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Design, rationale, and baseline demographics of SEARCH I: a prospective cluster-randomized study

Authors Albers F, Shaikh, Iqbal

Received 3 March 2012

Accepted for publication 31 March 2012

Published 11 July 2012 Volume 2012:7 Pages 437—445


Review by Single anonymous peer review

Peer reviewer comments 2

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Frank Albers,1 Asif Shaikh,2 Ahmar Iqbal,3
Medical Affairs Respiratory, 2Clinical Development and Medical Affairs, Field Based Medicine-Respiratory, Boehringer Ingelheim Pharmaceuticals, Inc, Ridgefield, CT, USA; 3Respiratory Medical Affairs, Pfizer Inc, New York, NY, USA

Abstract: Questionnaires are available to identify patients at risk for several chronic diseases, including COPD, but are infrequently utilized in primary care. COPD is often underdiagnosed, while at the same time the US Preventive Services Task Force recommends against spirometric screening for COPD in asymptomatic adults. Use of a symptom-based questionnaire and subsequent handheld spirometric device depending on the answers to the questionnaire is a promising approach to identify patients at risk for COPD. Screening, Evaluating and Assessing Rate CHanges of diagnosing respiratory conditions in primary care 1 (SEARCH I) was a prospective cluster-randomized study in 168 US primary care practices evaluating the effect of the COPD-Population Screener (COPD-PS™) questionnaire. The effect of this questionnaire alone or sequentially with the handheld copd-6TM device was evaluated on new diagnoses of COPD and on respiratory diagnostic practice patterns (including referrals for pulmonary function testing, referrals to pulmonologists, new diagnoses of COPD, and new respiratory medication prescriptions). Participating practices entered a total of 9704 consecutive consenting subjects aged ≥ 40 years attending primary care clinics. Study arm results were compared for new COPD diagnosis rates between usual care and (1) COPD-PS plus copd-6 and (2) COPD-PS alone. A cluster-randomization design allowed comparison of the intervention effects at the practice level instead of individuals being the subjects of the intervention. Regional principal investigators controlled the flow of study information to sub-investigators at participating practices to reduce observation bias (Hawthorne effect). The results of SEARCH I, to be published subsequently, will provide insight into the real world utility of the COPD-PS as well as two-stage COPD case finding with COPD-PS and copd-6.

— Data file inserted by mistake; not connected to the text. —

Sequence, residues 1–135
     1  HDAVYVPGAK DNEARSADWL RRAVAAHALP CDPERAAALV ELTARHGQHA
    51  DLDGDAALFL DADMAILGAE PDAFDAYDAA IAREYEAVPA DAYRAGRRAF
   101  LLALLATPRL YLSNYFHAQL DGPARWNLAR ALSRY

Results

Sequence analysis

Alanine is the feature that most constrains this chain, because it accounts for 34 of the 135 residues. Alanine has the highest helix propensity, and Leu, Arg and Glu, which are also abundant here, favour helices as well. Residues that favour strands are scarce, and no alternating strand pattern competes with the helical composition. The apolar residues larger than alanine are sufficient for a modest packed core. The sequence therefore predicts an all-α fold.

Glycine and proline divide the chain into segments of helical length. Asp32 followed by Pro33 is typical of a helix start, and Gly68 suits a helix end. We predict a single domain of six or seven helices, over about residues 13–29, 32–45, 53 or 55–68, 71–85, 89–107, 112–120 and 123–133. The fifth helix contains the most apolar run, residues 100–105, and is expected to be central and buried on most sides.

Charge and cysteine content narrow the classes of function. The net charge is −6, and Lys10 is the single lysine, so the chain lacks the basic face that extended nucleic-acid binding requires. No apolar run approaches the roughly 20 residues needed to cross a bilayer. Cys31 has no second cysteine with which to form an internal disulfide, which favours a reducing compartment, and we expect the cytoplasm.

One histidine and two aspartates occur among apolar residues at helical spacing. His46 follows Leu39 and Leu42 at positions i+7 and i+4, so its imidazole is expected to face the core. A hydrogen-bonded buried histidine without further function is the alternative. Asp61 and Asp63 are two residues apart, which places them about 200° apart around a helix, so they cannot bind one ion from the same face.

Keywords: COPD Population Screener, COPD-PS™, copd-6™, spirometry, screening, case finding

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